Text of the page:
In light of the continued challenges organizations face in their talent retention efforts, I was drawn to a recent study from Korn Ferry. The study found that an overwhelming 84 percent of respondents believed that a lack of attention to diversity and inclusion is a key driver of employee turnover.
We have always known that lack of diversity is a problem, but the link between diversity and staff engagement and retention has not always been made clear. This is one of the first studies to show that mastering diversity and inclusion is a key way to maximize staff retention and compete effectively in the war for talent.
Of course, the big question when tackling such a complex problem like diversity is, “Where do I even start?” There are many fronts upon which this issue can be addressed. One less talked about — but very useful — diversity enhancement strategy is actively reducing unconscious bias in the hiring process. It’s not surprising that we don’t talk about unconscious bias very much, because it’s so elusive and intangible that we can’t see it or see other people doing it. We may even be in denial that unconscious bias exists.
What is unconscious bias? Research tells us that the mind can be exposed to up to 11,000,000 pieces of information at any time, yet we can only consciously process around 40 pieces of this information. And so, the unconscious brain fills in the gaps by making assumptions, judgments, and assessments based on past experiences, our personal backgrounds, and our cultural environments. This is unconscious bias.
Unconscious bias is thought to be responsible for many of the diversity issues that we see in modern employment. In fact, 42 percent of the Korn Ferry study respondents believed that there was an element of unconscious bias in their workforce when it comes to diverse backgrounds such as religion, race, gender, or sexual orientation.
Several studies support the idea that unconscious bias may negatively impact diversity recruiting effortd, the most notable of which is one from Yale. The Yale study asked 127 scientists to assess job applications of identically qualified male and female candidates and found that the faculty members, comprising both men and women, consistently scored male candidates higher on several criteria and were more likely to hire the male candidates.
Another study published in the Journal of Personality and Social Psychology found that job advertisements for male-dominated occupations used traditionally “masculine” words like “competitive,” “leader,” and “dominant.” The study found that readers of these masculine job descriptions perceived that there were more men than women in these occupations, and the job descriptions were less appealing to women. This shows us that something as imperceptible as unconsciously masculine wording of job applications could be driving gender inequality within organizations.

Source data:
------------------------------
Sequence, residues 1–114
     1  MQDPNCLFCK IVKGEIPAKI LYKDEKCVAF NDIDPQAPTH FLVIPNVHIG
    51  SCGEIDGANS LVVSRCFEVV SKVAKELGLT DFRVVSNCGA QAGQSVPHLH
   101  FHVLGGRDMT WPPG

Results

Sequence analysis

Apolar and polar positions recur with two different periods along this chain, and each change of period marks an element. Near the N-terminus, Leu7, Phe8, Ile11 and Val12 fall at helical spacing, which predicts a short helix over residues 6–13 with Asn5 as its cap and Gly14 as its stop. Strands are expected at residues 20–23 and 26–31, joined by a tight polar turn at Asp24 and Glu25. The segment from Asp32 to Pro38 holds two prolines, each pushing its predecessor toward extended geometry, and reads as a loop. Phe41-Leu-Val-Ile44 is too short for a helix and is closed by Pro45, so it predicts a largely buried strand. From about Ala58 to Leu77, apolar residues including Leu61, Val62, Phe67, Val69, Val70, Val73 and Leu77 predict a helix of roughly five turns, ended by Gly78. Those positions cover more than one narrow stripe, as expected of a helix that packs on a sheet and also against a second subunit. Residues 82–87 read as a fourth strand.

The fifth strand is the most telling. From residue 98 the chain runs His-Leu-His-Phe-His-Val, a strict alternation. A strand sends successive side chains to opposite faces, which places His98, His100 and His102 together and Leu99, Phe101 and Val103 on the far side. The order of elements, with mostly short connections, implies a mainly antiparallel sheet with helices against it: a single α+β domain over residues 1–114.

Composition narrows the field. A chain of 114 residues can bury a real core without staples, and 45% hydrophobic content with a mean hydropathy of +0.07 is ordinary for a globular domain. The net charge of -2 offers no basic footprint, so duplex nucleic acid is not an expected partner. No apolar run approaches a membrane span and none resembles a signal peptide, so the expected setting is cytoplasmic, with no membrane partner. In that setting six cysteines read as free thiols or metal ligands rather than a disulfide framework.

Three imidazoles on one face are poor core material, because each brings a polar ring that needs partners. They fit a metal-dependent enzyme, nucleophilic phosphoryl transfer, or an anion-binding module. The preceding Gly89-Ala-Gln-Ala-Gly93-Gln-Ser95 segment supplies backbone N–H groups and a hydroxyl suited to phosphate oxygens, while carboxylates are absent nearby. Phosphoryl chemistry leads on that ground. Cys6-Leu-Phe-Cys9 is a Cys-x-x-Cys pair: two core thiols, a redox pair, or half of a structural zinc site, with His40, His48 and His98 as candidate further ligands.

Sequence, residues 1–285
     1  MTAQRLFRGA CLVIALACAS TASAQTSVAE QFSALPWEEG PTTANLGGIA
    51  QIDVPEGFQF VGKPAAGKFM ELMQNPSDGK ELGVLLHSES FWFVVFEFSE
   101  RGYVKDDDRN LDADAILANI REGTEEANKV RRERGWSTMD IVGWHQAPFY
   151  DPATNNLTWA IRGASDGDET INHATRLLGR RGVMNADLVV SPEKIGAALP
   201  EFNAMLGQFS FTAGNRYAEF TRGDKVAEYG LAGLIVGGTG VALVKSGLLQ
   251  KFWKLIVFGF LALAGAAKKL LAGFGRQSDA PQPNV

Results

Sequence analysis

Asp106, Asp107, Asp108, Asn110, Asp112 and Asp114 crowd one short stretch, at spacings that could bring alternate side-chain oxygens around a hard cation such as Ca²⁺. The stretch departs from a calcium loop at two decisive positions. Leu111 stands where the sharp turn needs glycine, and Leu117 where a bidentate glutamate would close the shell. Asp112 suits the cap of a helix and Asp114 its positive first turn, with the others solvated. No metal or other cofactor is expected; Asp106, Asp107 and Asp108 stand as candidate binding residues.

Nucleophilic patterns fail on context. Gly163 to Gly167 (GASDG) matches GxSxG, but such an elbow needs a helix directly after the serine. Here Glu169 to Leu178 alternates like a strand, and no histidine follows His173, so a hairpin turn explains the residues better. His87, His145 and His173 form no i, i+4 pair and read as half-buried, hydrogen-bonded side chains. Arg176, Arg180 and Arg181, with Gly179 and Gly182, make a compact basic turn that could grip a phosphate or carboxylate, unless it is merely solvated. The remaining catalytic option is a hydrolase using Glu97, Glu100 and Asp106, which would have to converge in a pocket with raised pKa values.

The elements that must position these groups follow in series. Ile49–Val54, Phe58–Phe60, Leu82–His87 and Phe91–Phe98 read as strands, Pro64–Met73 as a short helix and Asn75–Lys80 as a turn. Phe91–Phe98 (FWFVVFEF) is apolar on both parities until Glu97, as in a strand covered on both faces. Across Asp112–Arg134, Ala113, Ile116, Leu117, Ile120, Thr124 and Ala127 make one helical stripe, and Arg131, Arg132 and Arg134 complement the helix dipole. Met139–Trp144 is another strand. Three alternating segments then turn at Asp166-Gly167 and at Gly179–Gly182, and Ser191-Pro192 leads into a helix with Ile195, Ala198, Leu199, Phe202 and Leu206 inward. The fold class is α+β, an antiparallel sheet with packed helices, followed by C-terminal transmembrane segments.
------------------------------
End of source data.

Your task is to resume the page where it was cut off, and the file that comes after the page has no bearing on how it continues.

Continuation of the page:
These two studies just scratch the surface of the types of unconscious bias and stereotyping that could be hindering the hiring process and contributing to inequality in hiring and the wider workplace.
Are we held hostage by our unconscious minds? Can we really do anything about this? The good news is that, no, we are not hostages, and yes, we can do something about unconscious bias.
What we need to do is bring our unconscious assumptions into our conscious minds. Once we know what our unconscious biases are, we can go about addressing any unwanted ones that may be harming our diversity initiatives.
You don’t need to see a hypnotist to excavate the contents of your unconscious mind. Rather, you can take the implicit bias test prepared by Harvard University. You could also encourage your hiring team and hiring managers to take the test as part of a diversity training program. The test measures your unconscious biases and the report at the end helps to make the unconscious conscious by telling you about your unconscious biases. Once you know about any unconscious biases that could be harming diversity in your hiring process, the good news is that you can take steps to reduce said bias.
This involves reprogramming your subconscious by seeking out experiences that undo the patterns that created the undesired preferences. This could mean watching TV shows that promote positive stereotypes of women or minorities, or reading materials that explicitly counteract your biases, or interacting more with people who challenge the stereotypes you carry. It could also mean trying to be more alert to the existence of the stereotypes you have and not allowing them to influence your hiring decisions.
It is important to be optimistic about removing unwanted unconscious biases. Research shows that biases are malleable and can be both managed and changed. I realize that this is a very sensitive subject, and I recommend you read all the advice documents and the FAQ before taking the Harvard test.
As you can see, unconscious bias is prevalent within the hiring process, and a good way to reduce your biases is to develop awareness of any unwanted unconscious biases you or the members of your hiring team may carry. Once you’ve identified these biases, you can deploy counteractive strategies to reduce the unwanted unconscious biases and stereotypes you find in yourself.